Ensuring all companies pay the right amount of corporation tax

Richard Sampson headshot

By Richard Sampson

Pillar Two requirements are top of the agenda for all multinational organisations with consolidated annual earnings over €750 million, with full calculations having to be done on accounts from December 2023. Its introduction will enforce a global minimum tax of 15 per cent, irrespective of location, so companies will no longer be able to make use of tax havens with low rates to minimise their overall tax burden.

This represents a major shift in the global tax landscape, pushing companies in the direction of responsible tax practices. The aim is to create an equal and transparent tax environment for all. This is a huge issue to tackle – currently, the global corporate tax gap is estimated to be around £75-200 billion per year from companies participating in base erosion and profit shifting practices. In the UK alone, the British entities of seven major tech companies paid only £750m of a possible £2.8bn in corporation tax in 2021.

With such a massive shortfall it’s hard to understand why the general public hasn’t objected more, and forced businesses into abandoning their tax planning strategies before it has become a legislative requirement. Surely most people believe that businesses have a responsibility to pay their fair share of corporation tax?

New research by Tax Systems, in partnership with YouGov, suggests this is the case to some degree, but is by no means universal. It found that whilst 47 per cent of the British adult population would be less likely to engage with a business minimising their corporation tax payments, a significant proportion (29%) said it didn’t matter. A further 16 per cent didn’t know if it would make any difference, and eight per cent said they were more likely to engage with those proactively reducing their tax bills.

These results are certainly interesting – do the 47 per cent of the UK working population, who prefer not to deal with companies who practise aggressive taxation planning, see payment as a legal obligation? Or are they making a direct connection between a higher amount of taxes collected and the improved services they could receive? And is it possible that the 29 per cent who don’t mind how companies handle their taxes, are those who are hit hardest by the cost of living crisis and are unable to put personal ethics over cost efficiency?

So, unless consumers across all age groups vote with their feet, businesses won’t stop being creative with their tax arrangements and are unlikely to worry unduly about potential reputational damage or revenues decreasing

Interestingly, Gen Z appears to be less worried about fair taxation than older respondents, with just 30 per cent less likely to engage with organisations minimising payments. Although it is telling that 28 per cent said they didn’t know if it would make a difference – does this indicate a lack of understanding or interest in this complicated and often highly politicised issue?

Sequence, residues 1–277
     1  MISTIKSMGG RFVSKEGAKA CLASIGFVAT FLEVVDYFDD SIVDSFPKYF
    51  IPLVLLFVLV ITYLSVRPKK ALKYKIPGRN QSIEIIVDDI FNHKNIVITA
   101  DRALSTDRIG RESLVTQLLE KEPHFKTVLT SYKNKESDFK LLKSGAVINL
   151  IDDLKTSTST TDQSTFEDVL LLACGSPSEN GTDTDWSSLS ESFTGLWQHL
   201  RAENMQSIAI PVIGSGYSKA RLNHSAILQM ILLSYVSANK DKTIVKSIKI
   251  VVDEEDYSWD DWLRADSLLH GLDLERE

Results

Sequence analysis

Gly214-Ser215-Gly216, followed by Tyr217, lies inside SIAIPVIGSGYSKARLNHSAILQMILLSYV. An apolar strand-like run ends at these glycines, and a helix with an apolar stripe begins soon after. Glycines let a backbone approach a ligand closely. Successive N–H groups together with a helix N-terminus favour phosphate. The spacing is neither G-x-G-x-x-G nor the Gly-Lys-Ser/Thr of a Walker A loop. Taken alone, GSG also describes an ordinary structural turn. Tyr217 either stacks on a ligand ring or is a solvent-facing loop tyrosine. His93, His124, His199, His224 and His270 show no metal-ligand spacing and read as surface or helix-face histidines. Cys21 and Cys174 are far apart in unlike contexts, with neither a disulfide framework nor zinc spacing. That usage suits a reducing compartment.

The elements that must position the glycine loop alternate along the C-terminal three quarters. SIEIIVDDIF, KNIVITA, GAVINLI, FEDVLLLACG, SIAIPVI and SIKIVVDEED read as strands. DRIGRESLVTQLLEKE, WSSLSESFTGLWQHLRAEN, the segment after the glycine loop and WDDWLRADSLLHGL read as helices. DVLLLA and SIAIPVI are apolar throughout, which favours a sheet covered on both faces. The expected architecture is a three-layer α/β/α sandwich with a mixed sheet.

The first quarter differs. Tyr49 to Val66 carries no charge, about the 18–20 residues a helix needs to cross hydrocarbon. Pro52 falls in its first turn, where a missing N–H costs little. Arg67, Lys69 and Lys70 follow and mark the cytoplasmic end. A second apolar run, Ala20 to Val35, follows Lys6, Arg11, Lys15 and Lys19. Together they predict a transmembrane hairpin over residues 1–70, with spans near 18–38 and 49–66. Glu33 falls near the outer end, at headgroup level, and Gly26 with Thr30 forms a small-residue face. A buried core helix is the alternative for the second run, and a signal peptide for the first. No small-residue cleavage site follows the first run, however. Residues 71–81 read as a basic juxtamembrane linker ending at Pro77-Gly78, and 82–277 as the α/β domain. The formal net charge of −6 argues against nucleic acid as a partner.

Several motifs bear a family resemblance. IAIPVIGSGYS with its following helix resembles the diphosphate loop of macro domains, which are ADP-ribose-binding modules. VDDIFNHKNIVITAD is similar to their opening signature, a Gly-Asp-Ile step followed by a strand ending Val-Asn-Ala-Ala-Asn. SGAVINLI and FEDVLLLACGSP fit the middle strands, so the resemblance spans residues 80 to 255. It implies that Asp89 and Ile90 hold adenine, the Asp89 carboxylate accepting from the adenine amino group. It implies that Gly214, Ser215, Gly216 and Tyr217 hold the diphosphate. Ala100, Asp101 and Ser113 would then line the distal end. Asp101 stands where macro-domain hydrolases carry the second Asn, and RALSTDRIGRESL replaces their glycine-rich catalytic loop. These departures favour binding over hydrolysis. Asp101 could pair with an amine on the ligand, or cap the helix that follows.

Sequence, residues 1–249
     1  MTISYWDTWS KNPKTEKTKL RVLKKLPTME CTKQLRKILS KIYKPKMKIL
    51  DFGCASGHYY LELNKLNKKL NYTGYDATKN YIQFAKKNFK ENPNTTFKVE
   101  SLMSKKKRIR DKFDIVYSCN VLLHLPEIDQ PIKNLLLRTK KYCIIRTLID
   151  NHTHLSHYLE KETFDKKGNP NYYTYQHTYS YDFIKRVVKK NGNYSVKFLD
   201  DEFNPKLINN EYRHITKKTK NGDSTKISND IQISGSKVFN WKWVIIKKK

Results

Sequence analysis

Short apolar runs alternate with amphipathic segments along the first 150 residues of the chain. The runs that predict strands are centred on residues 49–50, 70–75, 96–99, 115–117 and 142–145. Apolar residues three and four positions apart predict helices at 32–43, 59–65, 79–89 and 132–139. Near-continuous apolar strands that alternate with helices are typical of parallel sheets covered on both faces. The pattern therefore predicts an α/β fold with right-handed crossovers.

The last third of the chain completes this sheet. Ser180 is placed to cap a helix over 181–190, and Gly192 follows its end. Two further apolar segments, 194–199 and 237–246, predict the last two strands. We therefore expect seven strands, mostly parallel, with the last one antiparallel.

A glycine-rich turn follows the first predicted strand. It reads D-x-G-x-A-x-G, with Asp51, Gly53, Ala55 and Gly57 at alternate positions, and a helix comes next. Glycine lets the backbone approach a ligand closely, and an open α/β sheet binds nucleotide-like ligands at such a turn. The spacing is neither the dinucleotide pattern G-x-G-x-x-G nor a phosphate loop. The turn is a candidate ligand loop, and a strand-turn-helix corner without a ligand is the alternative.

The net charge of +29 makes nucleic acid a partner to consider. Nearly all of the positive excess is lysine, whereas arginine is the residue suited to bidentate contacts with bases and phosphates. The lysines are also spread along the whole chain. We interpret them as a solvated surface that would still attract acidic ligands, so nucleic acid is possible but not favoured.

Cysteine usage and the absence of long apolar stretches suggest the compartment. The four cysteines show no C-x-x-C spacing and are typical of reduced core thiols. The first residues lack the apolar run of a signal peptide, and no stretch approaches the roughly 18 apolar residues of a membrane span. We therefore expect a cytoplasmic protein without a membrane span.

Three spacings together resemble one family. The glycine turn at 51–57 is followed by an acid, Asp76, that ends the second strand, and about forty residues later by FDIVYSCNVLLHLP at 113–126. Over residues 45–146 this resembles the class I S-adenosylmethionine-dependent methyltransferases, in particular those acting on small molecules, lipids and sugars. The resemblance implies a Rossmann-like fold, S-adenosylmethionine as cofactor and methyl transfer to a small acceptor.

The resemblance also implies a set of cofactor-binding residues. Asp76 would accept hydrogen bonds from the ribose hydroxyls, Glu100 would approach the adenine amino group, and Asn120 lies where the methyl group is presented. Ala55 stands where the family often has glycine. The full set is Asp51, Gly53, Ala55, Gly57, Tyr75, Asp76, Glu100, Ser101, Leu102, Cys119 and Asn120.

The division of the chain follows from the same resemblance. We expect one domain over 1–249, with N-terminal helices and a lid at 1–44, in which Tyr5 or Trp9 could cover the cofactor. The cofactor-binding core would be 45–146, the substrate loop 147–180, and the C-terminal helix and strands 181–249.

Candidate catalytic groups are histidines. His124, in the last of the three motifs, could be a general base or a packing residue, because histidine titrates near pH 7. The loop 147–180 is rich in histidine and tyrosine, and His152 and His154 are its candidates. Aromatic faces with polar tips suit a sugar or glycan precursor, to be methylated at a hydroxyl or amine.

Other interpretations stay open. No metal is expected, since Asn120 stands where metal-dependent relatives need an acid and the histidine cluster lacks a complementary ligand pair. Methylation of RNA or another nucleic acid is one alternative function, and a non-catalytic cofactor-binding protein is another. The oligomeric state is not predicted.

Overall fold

In most cases, taxation starts getting serious attention from individuals as its impact on personal finances begins to bite. Commonly, this happens as people grow older and salaries move into higher tax brackets, stamp duty affects house purchases, council tax bills arrive, and inheritance tax becomes a possibility. At this point, the percentages moved upwards, with 45-52 per cent of Gen X and Baby Boomers less likely to engage with companies minimising their tax returns. It suggests that the more mature population are more likely to switch brands if they are made aware of unethical behaviour.

Perhaps what’s missing is a compelling argument to convince younger age groups that the subject of tax is relevant to them. Spelling out more clearly how loss of tax revenue equates to cuts in budgets for hospitals, public transport, education and leisure facilities would make a difference. Highlighting these issues, and many others, could be rectified if companies simply paid the right amount of tax might sway their opinion.

Another point to consider is the evolution of the way of life these tech giants in question have brought about – cheap, highly convenient, online purchasing, immediate delivery, and fast customer services have become the norm, and inevitably part of keeping prices low means paying the lowest tax possible. This convenience comes with a cost.

So, unless consumers across all age groups vote with their feet, businesses won’t stop being creative with their tax arrangements and are unlikely to worry unduly about potential reputational damage or revenues decreasing.

Getting collective buy-in to a fairer society is paramount to influencing the behaviour of corporates. When we compare the UK to those that enjoy excellent public services as a result of higher taxation rates, there are lessons we could learn. The Nordic region exemplifies this model, where businesses and individuals accept that paying higher contributions creates a better quality of life all round.

However, many governments still find it challenging to alter public perception of corporate tax planning and why it should matter to them. Better communication is needed concerning the negative impact it has on public services and areas such as social inequality and green initiatives. Emphasising that if businesses and individuals paid the right amount tax, it would make the overall tax burden fairer and create an even playing field for everyone.

By contributing what’s due, corporations would be investing in the stability, growth, and wealth of their domestic economy. But if left unchecked, the corporate tax deficit will continue to undermine the foundation of healthy and prosperous societies globally.

 Richard Sampson, is CRO at Tax Systems